Reading Aloud 12: Narrating with first person

The tricky thing with reading a story written in the first person is that your narration has the same voice as your main character’s dialogue. There is a simple trick for differentiating when your POV character is narrating and when she is addressing someone else.

For the narration, think, “I am having an intimate conversation in a quiet room.” For the speaking voice, think “I’m talking in a public space.” Without having to do anything fancy, you’ll cause a slight shift in the tone quality of your voice. That sort of shift can serve as a clear marker for which is which.

You’ll want your narration to be more emotionally invested than in most third person stories, but
besides that, it’s pretty much the same as handling any other story.

Yes, it’s a short lesson this week. I’m building a Polar Bear.

Next Friday, I’ll be traveling back to the U.S., so I have an assignment for you.

Download Audacity, which is a very easy (free) digital editing program. Pick one of your short stories and record it using all the things we’ve gone over with these lessons. Then comes the fun part; if you send me the link, I’ll give you a critique.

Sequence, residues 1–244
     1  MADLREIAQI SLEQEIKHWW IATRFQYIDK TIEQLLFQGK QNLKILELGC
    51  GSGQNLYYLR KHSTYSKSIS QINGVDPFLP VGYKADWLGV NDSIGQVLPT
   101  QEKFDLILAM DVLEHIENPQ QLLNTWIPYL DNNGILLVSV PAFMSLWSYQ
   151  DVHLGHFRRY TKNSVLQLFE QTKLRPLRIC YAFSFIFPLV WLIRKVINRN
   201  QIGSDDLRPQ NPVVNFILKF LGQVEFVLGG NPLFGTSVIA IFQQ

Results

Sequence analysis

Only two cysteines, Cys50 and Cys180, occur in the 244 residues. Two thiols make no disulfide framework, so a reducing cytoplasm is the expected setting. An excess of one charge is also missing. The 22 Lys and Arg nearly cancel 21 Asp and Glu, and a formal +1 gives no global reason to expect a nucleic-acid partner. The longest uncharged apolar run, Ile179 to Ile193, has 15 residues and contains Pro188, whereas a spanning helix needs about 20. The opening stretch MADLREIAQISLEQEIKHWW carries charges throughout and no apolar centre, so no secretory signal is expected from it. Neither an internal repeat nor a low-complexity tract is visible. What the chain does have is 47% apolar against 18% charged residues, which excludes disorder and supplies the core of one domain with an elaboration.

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7 thoughts on “Reading Aloud 12: Narrating with first person”

  1. That subtle distinction between narrator’s narration and narrator’s speech is something I evolved over time without much thought. With the Sherlock Holmes stories, which I’ve been reading aloud to friends and occasionally live audiences for years, and have begun recently to record for a Web site for children, I made a different choice: Narration (by Watson) in my fairly normal American voice, dialogue (by Watson) in a somewhat overstuffed British dialect. Watson SHOULD have a distinctive character voice, but to put the entire narration into that dialect would be distracting and make listening more arduous for American listeners, certainly, and perhaps even for folks in the Empire. And the narration is technically written prose, which helps merit a more neutral delivery. Much easier for a listener to distinguish the two fairly radically in vocal delivery, even though ostensibly it’s the same character “speaking.” This is going to become even more interesting when/if I get to the two stories that are narrated/written by Holmes himself. . . .

  2. “Technically written” is ambiguous. I should have said, “And technically, narration is written prose, which encourages a more neutral delivery” (as opposed to dialogue).

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